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Dream World

July 25, 2005
July 25, 2005

Table of Contents
July 25, 2005

Sports Illustrated Bonus Section: Golf Plus
Motor Sports
LETTERS
SI Players: Life On and Off the Field
SI Players
Golf
TOUR DE FRANCE
BASEBALL
NFL Fantasy Football Preview 2005
Inside
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    The Week In Sports

Inside Baseball
Inside The NBA
Inside Boxing
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Dream World

Having covered the NFL for 25 years, the author--and fantasy player--relishes the phenomenon of the imaginary game

THEY COME at me from every direction, year-round. I've heard estimates that as many as 12 million Americans are afflicted with Fantasy Football--itis. (Dan Marino is in a league with Boomer Esiason.) I'm surprised. That number seems low. ¶ Several members of the world champion Red Sox are in a league, and last season righthander Derek Lowe asked me for fantasy advice. As did 647 passersby in airports, 413 callers to talk shows, five neighbors and even one Starbucks barista. "What's your gut feeling on who will score more touchdowns this year--Matt Schobel or Erron Kinney?" the latter inquired. "They're both in pretty tight-end-friendly offenses." I still get nasty e-mails about one of my 2002 fantasy tips. After I'd spent a day at Redskins camp, watching practice and drinking the Steve Spurrier Kool-Aid, I was convinced that Danny Wuerffel would be a serviceable-to-good quarterback for Washington that season. Put off drafting a passer till the middle rounds, I advised on SI.com, take an extra running back early, then grab Wuerffel in a later round. Wuerffel, of course, lasted as the Redskins' starter for all of about 10 minutes. "Nice call on Wuerffel," Brett Favre said to me that fall. I didn't redeem myself until last season, when I made little-known Antonio Gates of the Chargers my preseason pick to become the most productive tight end of 2004. (He caught 81 passes, including 13 for touchdowns.)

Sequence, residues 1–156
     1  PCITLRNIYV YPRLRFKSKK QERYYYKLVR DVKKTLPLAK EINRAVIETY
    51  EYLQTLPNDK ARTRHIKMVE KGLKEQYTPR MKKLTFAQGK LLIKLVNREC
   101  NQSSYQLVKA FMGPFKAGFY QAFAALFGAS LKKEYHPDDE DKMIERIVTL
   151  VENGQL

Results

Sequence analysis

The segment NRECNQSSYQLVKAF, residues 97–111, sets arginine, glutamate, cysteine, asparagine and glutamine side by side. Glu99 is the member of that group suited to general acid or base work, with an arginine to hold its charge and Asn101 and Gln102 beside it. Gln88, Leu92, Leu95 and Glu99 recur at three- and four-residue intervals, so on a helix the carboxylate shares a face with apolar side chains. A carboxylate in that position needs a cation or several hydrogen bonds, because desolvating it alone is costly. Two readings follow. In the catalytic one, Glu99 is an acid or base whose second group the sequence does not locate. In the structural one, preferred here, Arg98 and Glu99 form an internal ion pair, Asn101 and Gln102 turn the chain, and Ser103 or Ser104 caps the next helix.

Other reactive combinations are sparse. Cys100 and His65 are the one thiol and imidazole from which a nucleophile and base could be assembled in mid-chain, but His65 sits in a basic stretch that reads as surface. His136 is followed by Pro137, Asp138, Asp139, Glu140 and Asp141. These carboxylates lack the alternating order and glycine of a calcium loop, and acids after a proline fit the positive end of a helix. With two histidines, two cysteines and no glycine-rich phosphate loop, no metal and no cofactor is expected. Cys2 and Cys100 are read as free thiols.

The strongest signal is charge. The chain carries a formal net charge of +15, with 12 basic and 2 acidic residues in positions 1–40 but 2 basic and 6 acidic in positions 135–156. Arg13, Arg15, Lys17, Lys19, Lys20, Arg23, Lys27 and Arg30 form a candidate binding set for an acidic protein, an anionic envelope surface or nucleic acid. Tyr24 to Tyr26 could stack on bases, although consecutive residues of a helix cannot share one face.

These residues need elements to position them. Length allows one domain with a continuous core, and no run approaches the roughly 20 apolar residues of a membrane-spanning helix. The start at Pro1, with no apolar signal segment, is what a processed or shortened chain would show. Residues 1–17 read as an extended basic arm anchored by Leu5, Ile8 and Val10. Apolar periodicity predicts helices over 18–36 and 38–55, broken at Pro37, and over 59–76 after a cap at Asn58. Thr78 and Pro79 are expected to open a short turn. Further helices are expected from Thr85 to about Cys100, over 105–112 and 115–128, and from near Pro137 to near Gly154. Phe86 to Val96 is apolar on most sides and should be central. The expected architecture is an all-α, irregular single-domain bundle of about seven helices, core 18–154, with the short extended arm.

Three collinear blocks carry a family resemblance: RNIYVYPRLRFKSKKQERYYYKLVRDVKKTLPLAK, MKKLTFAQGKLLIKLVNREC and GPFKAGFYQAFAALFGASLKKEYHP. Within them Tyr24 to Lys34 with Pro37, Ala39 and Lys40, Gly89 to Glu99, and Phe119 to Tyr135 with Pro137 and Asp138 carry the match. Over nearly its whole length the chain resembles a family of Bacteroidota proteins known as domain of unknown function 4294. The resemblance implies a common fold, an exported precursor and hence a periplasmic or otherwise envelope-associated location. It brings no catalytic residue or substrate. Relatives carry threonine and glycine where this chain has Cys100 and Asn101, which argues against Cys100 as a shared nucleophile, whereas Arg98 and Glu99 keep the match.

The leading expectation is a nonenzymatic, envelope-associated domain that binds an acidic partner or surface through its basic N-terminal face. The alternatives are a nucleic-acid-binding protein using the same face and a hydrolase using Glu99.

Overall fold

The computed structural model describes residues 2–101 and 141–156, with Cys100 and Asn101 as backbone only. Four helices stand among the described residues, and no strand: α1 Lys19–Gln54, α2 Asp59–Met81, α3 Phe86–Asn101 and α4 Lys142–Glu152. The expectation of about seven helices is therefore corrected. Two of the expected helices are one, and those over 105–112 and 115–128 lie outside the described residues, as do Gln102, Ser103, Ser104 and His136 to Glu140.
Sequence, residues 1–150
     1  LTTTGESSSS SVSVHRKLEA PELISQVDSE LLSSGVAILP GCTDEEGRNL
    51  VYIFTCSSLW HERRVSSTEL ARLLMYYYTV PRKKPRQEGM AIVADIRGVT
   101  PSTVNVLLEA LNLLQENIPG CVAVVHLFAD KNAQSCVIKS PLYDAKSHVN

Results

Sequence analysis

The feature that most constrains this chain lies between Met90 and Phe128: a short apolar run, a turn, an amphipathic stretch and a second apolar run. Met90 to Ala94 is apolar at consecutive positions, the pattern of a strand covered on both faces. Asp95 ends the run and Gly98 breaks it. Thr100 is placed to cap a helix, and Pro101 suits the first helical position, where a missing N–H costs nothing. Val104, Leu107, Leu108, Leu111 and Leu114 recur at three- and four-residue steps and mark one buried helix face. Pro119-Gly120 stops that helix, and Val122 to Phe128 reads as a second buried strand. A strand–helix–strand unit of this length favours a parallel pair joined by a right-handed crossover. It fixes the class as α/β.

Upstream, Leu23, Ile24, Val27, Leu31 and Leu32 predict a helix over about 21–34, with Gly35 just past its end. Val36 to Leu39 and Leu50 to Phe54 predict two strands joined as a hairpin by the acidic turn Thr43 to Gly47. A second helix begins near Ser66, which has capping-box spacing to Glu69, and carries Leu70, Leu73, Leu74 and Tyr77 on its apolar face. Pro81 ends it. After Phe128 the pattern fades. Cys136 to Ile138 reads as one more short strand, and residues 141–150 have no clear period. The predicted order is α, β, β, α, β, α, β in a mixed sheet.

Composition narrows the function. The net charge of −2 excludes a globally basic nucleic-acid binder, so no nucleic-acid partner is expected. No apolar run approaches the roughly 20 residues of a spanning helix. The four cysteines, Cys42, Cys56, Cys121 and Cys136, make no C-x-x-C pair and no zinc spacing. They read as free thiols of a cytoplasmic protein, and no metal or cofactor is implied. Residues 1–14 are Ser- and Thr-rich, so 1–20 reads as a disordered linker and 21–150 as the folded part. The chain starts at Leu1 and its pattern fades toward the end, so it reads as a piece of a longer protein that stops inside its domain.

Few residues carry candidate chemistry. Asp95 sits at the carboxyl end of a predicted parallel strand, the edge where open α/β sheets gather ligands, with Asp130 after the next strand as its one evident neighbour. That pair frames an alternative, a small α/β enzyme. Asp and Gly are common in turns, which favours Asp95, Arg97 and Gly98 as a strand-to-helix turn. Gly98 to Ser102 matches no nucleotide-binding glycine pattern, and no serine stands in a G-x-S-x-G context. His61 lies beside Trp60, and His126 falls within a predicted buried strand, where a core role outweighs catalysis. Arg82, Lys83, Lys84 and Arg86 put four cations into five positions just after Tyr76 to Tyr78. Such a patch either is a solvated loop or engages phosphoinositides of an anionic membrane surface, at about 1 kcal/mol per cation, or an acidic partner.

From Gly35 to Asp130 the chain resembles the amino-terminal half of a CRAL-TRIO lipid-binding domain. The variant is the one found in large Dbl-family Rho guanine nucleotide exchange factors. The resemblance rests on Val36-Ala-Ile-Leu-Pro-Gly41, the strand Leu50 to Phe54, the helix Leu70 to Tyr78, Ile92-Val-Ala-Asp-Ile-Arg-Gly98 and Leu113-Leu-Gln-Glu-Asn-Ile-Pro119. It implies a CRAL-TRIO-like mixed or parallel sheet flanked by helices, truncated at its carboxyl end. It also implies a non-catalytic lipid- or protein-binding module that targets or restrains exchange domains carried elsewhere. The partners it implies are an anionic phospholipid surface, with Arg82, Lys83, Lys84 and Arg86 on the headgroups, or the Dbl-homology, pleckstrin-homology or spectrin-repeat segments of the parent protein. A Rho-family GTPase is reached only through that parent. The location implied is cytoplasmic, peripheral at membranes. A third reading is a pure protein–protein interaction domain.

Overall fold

This is an article from the July 25, 2005 issue Original Layout

Why the intense interest in the fantasy game? Three reasons: 1) It feeds the inner general manager in all of us; 2) with the NFL's 16-game season, every game's a big event--and as with gambling, fantasy gives us a reason to care about every minute of action; and 3) Americans are competitive by nature. We like to build things, and we like to win. Then we like to brag about the winner we built. It sounds absurd, but a rabid Steelers fan who is also a fantasy player is more likely to ask me whether Ricky Williams is going to take carries away from Ronnie Brown in Miami than whether Ben Roethlisberger is the real deal in Pittsburgh.

My fantasy advice this year? Don't ask. But if you must, here are three tips: Draft Cowboys back Julius Jones very high--among the top five backs; he'll rush for 1,500 yards. The Patriots' Ben Watson will be this year's Gates, a top three tight end. And finally, don't take Wuerffel.

COMPILED BY David Sabino, with Jeffri Chadiha, Gene Menez, Michael Silver and Paul Zimmerman

Stats in charts from 2004 season

COLOR PHOTOGREG TROTT/WIREIMAGE.COM; BACKGROUND BY HEINZ KLUETMEIER SKY'S THE LIMIT Chargers running back LaDainian Tomlinson ranks No. 1 at a critical position that's deep in talent (page 62).